Julian Assange Speech to UN General Assembly: “US Trying to Erect National Secrecy Regime” – 9/26/12.

William Stringfellow

William Stringfellow – author, lay theologian, lawyer among the poor and defense attorney for Bishop James Pike and the Berrigan Brothers (Frs. Phil and Dan) – wrote the following in 1973:

“In this world as it is, in the era of time, in common history – in the epoch of the Fall, as the Bible designates this scene every principality has the elemental significance of death, notwithstanding contrary appearances. This is eminently so with respect to nations, for nations are, as Revelation indicates, the archetypical principalities… All virtues which nations elevate and idolize – military prowess, material abundance, technological sophistication, imperial grandeur, high culture, racial pride, trade, prosperity, conquest, sport, language, or whatever – are

subservient to the moral presence of death in the nation. And it is the same with the surrogate nations – the other principalities like corporations and conglomerates, ideologies and bureaucracies, and authorities and institutions of every name and description…

“The Fall is where the nation is. The Fall is the locus of America… Since the climax of America’s glorification as a nation – in the ostensible American victory in World War II, most lucidly and aptly symbolized in Hiroshima – Americans have become so beleaguered by anxiety and fatigue, so bemused and intimidated, so beset by a sense of impotence and by intuitions of calamity, that they have, for

the most part, been consigned to despair… Racial conflict has been suppressed by an elaborate apartheid; products which supposedly mean abundance turn out to contaminate or jeopardize life; the environment itself is rendered hostile; there is a pervasive Babel; privacy is a memory because surveillance is ubiquitous; institutional coercion of human beings has proliferated relentlessly. Whatever must be said of earlier times, in the past quarter century, America has become a technological totalitarianism in which hope, in its ordinary connotations, is being annihilated.”

An Ethic for Christians and Other Aliens in a Strange Land, William Stringfellow, 1973. (Bolded print added by Views from the Edge)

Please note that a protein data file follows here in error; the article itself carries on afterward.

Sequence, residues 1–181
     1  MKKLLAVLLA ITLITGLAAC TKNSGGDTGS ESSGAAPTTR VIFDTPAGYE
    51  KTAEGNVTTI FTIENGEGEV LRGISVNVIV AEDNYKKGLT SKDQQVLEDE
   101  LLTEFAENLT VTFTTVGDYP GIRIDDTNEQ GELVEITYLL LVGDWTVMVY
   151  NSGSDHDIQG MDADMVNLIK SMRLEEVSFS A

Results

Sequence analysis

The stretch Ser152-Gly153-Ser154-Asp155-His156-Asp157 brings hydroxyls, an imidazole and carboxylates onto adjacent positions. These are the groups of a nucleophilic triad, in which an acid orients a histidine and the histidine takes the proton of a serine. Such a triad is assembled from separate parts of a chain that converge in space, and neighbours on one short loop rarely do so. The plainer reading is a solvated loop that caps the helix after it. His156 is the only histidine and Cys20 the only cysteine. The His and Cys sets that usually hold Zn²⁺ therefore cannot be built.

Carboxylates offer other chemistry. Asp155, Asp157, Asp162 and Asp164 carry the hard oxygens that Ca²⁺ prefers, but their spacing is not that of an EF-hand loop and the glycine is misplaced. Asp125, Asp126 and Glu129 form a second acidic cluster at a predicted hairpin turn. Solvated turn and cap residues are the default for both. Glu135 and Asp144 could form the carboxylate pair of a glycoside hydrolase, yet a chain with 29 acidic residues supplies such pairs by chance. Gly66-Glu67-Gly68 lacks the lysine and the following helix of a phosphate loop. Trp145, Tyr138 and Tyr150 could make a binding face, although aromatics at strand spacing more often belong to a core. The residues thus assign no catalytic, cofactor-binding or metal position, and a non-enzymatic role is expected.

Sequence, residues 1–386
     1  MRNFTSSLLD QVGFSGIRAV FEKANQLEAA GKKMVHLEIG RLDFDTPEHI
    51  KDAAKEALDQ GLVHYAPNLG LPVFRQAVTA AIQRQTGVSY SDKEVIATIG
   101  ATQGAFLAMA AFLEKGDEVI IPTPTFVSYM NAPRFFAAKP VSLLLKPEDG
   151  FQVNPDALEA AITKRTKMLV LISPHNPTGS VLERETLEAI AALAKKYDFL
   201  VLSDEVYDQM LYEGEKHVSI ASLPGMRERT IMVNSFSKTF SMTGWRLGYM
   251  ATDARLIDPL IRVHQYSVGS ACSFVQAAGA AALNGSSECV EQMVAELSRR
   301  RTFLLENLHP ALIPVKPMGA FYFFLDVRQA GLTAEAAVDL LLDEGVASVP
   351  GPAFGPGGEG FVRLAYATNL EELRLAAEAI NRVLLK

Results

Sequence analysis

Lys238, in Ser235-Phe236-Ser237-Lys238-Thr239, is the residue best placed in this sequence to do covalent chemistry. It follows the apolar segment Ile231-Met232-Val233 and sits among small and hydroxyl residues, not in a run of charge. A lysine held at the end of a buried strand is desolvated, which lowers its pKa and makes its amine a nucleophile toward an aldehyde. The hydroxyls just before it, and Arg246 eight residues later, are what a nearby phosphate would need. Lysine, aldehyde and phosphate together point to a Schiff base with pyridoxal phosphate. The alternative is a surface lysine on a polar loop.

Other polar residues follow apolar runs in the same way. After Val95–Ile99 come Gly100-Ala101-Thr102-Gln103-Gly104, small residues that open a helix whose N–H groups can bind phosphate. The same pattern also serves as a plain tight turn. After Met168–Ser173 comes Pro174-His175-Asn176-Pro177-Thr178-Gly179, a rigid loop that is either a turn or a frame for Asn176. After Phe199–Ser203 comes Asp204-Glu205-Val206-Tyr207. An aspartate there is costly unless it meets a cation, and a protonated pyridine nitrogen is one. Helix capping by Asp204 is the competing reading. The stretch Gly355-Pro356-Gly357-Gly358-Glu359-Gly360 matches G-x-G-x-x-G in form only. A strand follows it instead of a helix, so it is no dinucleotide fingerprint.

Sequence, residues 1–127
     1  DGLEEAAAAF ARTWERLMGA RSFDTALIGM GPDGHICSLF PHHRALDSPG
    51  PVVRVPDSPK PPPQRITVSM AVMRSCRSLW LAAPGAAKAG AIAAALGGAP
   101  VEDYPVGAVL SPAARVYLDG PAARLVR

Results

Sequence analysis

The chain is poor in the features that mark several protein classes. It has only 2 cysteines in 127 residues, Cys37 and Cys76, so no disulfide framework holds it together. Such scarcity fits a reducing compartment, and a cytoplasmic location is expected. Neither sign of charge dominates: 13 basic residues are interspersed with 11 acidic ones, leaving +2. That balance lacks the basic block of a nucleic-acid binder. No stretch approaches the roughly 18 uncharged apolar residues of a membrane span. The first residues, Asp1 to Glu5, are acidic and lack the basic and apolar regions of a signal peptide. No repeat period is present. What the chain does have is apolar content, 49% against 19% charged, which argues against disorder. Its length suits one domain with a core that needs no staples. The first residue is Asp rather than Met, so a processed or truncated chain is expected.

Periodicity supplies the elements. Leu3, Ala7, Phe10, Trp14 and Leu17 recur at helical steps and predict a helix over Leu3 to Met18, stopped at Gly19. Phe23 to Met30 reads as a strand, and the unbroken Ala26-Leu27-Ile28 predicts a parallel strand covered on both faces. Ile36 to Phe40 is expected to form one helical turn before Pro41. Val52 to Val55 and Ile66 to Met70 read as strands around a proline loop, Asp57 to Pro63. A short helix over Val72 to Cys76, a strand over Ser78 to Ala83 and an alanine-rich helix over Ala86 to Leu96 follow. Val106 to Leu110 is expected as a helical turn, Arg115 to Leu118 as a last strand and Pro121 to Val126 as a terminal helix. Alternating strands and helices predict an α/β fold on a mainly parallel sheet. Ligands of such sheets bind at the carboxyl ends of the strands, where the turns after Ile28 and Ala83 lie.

WikiLeaks at the United Nations 9/26/12 – a Reflection

Watch WikiLeaks founder Julian Assange speaking by satellite from Ecuador where he lives in political assylum. Unedited Politics deserves credit for posting this. It’s chilling. But it’s important. Of particular interest are references to President Obama that both hold him accountable and seem to hold out hope he might still do what lies beyond the power of the Oval Office.

After watching the video, read William Stringfellow’s words in An Ethic for Christians and Other Aliens in a Strange Land, published in 1973. Stringfellow argued that “extra-constitutional” powers and authorities had already walked off the republic.

Julian Assange Speech to UN General Assembly: “US Trying to Erect National Secrecy Regime” – 9/26/12.

William Stringfellow – author, lay theologian, lawyer among the poor and defense attorney for Bishop James Pike and the Berrigan Brothers (Frs. Phil and Dan) – wrote the following in 1973:

“In this world as it is, in the era of time, in common history – in the epoch of the Fall, as the Bible designates this scene every principality has the elemental significance of death, notwithstanding contrary appearances. This is eminently so with respect to nations, for nations are, as Revelation indicates, the archetypical principalities… All virtues which nations elevate and idolize – military prowess, material abundance, technological sophistication, imperial grandeur, high culture, racial pride, trade, prosperity, conquest, sport, language, or whatever – are

subservient to the moral presence of death in the nation. And it is the same with the surrogate nations – the other principalities like corporations and conglomerates, ideologies and bureaucracies, and authorities and institutions of every name and description…

“The Fall is where the nation is. The Fall is the locus of America… Since the climax of America’s glorification as a nation – in the ostensible American victory in World War II, most lucidly and aptly symbolized in Hiroshima – Americans have become so beleaguered by anxiety and fatigue, so bemused and intimidated, so beset by a sense of impotence and by intuitions of calamity, that they have, for

the most part, been consigned to despair… Racial conflict has been suppressed by an elaborate apartheid; products which supposedly mean abundance turn out to contaminate or jeopardize life; the environment itself is rendered hostile; there is a pervasive Babel; privacy is a memory because surveillance is ubiquitous; institutional coercion of human beings has proliferated relentlessly. Whatever must be said of earlier times, in the past quarter century, America has become a technological totalitarianism in which hope, in its ordinary connotations, is being annihilated.”

An Ethic for Christians and Other Aliens in a Strange Land, William Stringfellow, 1973. (Bolded print added by Views from the Edge)